Carter said peace efforts had ‘regressed’ since the US-hosted Annapolis conference
Jimmy Carter, the former US president, has called for Hamas to be included in peace negotiations, saying they are willing to “live as a neighbour next door in peace” with Israel if Palestinians approve a deal. Carter said on Monday that Hamas leaders told him they would accept a negotiated peace agreement, if voted for by the Palestinian people.
His comments, delivered in an address to the Israel Council on Foreign Relations and a subsequent news conference at the King David Hotel in West Jerusalem, came after he met several Hamas leaders, including Khaled Meshaal, the group’s exiled political bureau chief, in Syria last week. Carter said Hamas leaders had told him they would accept a peace agreement negotiated by Mahmoud Abbas, the Palestinian president whose Fatah faction controls the West Bank, if Palestinians approved the deal in a vote. Peacemaking “They said they would accept a Palestinian state on the 1967 borders if approved by Palestinians … even though Hamas might disagree with some terms of the agreement,” Carter said. “It means that Hamas will not undermine Abbas’ efforts to negotiate an agreement and Hamas will accept an agreement if the Palestinians support it in a free vote.” Carter, who has angered Israel by meeting Hamas, also said the peace efforts had “regressed” since a US-hosted conference in Annapolis, Maryland, in November. “The problem is not that I met with Hamas in Syria,” he said. “The problem is that Israel and the United States refuse to meet with someone who must be involved.” In his speech, Carter reiterated that he has no mandate to secure a peace deal between Israel and the Palestinians. Speaking of the captured Israeli soldier Gilad Shalit, who was seized by Hamas in a cross-border raid in June 2006, Carter said he was disappointed that his proposal to Hamas to release Shalit had been rejected. But Carter said that he understood the Palestinian group could not free the Israeli soldier outside of a prisoner exchange with Israel. ‘Side by side’ Speaking to Al Jazeera after the news conference, Carter reiterated that he believed Hamas would accept the existence of Israel if the Palestinian population voted to accept it. The Carter proposals
The former US president has put forward the following guidelines in an effort to start peace talks between the Palestinians and Israelis:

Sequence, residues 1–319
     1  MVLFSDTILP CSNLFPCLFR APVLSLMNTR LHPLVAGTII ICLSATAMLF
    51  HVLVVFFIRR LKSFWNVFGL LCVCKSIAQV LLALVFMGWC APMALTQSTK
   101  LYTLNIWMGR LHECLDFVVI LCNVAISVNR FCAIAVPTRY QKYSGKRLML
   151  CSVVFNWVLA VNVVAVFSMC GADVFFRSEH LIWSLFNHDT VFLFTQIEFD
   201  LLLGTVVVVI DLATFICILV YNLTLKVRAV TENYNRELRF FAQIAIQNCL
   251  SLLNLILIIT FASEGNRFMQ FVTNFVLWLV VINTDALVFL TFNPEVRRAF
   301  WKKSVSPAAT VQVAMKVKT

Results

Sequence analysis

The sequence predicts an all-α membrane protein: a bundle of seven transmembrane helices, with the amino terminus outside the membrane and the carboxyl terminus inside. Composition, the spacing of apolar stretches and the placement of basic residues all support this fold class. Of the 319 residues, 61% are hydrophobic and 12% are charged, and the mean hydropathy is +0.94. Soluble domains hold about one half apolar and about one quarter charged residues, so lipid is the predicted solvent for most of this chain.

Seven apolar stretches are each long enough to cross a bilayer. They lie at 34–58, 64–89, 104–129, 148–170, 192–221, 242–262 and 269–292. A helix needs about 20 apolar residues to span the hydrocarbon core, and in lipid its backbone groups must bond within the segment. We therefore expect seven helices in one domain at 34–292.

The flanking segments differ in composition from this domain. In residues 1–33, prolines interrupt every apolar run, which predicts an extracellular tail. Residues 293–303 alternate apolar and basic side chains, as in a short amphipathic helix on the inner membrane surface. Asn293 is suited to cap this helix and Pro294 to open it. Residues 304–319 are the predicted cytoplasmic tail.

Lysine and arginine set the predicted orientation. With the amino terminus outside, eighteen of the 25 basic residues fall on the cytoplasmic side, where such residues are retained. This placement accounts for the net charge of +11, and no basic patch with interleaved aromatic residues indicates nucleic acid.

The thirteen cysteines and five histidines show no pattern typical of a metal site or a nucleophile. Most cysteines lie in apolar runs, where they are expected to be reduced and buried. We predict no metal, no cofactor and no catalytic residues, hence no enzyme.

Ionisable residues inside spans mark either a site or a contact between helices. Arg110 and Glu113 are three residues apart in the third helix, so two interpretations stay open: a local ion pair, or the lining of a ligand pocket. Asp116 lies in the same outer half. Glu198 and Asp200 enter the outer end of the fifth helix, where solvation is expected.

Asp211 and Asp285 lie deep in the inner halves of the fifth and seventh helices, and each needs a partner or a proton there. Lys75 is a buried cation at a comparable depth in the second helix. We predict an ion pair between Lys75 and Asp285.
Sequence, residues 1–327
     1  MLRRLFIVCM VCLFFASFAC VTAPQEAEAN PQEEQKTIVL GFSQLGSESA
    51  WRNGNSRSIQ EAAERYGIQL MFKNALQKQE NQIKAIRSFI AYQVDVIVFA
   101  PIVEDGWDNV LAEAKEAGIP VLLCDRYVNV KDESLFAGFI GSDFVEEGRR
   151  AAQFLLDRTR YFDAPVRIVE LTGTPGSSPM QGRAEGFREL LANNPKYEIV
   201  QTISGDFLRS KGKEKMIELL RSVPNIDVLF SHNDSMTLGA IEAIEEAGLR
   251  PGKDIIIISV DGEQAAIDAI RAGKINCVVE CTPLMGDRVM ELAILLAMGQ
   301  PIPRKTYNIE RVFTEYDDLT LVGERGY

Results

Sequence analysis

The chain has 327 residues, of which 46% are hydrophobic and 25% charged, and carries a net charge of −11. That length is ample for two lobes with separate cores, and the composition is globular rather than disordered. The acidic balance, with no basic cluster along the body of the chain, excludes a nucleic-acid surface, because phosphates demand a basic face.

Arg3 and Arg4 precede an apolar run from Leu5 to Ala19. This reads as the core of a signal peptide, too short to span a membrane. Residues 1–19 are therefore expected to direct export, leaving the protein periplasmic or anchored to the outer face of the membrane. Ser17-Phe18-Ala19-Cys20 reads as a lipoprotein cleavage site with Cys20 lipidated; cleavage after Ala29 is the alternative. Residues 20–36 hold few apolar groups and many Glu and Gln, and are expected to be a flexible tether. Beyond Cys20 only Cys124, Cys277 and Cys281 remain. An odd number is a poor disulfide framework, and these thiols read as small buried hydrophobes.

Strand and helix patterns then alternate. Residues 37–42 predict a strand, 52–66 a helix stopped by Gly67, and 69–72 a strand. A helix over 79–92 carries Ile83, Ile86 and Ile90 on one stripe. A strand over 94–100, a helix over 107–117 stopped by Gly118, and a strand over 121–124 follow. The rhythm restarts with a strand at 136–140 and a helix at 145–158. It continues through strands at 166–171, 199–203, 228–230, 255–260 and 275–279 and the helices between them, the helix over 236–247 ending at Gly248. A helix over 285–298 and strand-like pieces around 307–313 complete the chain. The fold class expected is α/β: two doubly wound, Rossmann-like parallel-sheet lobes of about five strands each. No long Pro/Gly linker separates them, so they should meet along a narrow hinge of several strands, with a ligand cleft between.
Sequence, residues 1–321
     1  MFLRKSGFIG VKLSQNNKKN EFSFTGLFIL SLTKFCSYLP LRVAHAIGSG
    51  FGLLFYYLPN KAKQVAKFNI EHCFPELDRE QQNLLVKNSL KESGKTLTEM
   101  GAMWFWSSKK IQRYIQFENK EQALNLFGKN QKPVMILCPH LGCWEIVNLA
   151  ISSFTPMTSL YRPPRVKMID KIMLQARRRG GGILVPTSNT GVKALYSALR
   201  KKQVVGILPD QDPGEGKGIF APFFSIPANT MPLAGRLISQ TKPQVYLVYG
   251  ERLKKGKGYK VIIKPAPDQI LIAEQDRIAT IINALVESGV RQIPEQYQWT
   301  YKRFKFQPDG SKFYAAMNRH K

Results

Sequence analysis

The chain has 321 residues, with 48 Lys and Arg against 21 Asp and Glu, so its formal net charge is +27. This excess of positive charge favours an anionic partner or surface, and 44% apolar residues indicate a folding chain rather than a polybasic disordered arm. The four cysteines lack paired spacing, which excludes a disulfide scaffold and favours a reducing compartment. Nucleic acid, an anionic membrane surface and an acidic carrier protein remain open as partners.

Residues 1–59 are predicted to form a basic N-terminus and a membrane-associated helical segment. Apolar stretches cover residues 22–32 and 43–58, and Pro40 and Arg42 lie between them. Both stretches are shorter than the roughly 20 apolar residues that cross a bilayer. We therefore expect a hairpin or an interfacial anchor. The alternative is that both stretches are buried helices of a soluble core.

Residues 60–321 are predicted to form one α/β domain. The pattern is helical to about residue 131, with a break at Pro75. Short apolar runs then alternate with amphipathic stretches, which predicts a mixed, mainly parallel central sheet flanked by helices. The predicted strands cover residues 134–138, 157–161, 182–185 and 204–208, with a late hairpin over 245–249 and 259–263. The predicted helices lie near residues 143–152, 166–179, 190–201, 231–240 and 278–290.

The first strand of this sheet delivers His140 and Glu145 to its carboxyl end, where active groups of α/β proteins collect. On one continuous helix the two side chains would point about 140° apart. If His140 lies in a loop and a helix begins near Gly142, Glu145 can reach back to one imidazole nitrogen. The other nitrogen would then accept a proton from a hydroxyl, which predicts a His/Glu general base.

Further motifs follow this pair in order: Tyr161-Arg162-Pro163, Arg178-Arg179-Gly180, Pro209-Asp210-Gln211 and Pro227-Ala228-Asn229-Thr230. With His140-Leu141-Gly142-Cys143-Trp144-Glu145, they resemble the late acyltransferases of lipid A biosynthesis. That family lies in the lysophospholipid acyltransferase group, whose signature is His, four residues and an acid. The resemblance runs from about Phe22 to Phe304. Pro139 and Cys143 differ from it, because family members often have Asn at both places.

1. An end to hostilities, or a truce between Hamas and Israel, which includes a halt to rockets attacks.
2. Securing the release of Corporal Gilad Shalit, an Israeli soldier captured by Hamas fighters.
3. The release of Palestinian prisoners held in Israeli jails. “There has been a lot of conflicting statements about this issue. But from what I understood, and announced, if Abbas and [Ehud] Olmert [the Israeli prime minister] agree to a peace deal, that would ultimately allow the two states to live side by side. Hamas was asked whether they would accept the decision – they said yes.” Carter also said the “deplorable” situation in the Gaza Strip made establishing a peace deal more urgent. “A resolution needs to be made, as people [in Gaza] are continuing to suffer. I believe however, a greater, and more effective American role is needed here – going beyond the commitments made by the Bush administration to reach a peace agreement.” Engaging Hamas Amani Soliman, Al Jazeera’s Middle East analyst, said Carter’s attempt to engage Hamas was a major breakthrough. “What he has done was a long time coming, considering that Hamas needed to be involved in the peace process,” she said. “Despite the engagement with Abbas, Tzipi Livni [the Israeli foreign minister], and other Fatah negotiators, Carter is adamant that Hamas be included in the equation – which can be viewed as a breakthrough for a Western diplomat to take this route.” Al Jazeera’s Jacky Rowland, reporting from Gaza, said that Hamas’ willingness to continue to secure a peace deal, implicitly reflects the group’s recognition of the state of Israel. “This effectively pulls the rug from under Israel, as they have constantly maintained that the reason they will continue isolating Hamas is because they will no recognise their state. The ball is now in Israel’s court.” ‘Breaking the ice’
Al Jazeera’s Mike Hanna, reporting from Damascus, said that Hamas had expressed willingness to go along with Carter’s proposals.
“However, also from the Hamas side, the point being made that something must come in return,” Hanna said.
“What Jimmy Carter is trying to do is to break the ice – trying to get some sort of momentum going in a situation that has been utterly static.” Hamas officials said they talked to Carter about an internationally backed Israeli embargo on Gaza and a possible Israel-Hamas prisoner swap. But Hamas did not respond to Carter’s requests that it halt rocket fire on Israeli border towns and agree to talk to Eli Yishak, the Israeli deputy prime minister, about a prisoner exchange. Over the weekend, Israel killed seven Hamas fighters in a series of air strikes after the group detonated two jeeps packed with explosives at an Israeli crossing on the Gaza border. Israel and the US, which both consider Hamas a terrorist group, have criticised Carter’s efforts to broker negotiations. Israel’s conditions for including Hamas in any process – For Hamas to accept the right of Israel to exist.
– For Hamas to renounce violence.
– To accept the previous agreements signed between the Israelis and the Palestinians e.g. the Oslo Accords.
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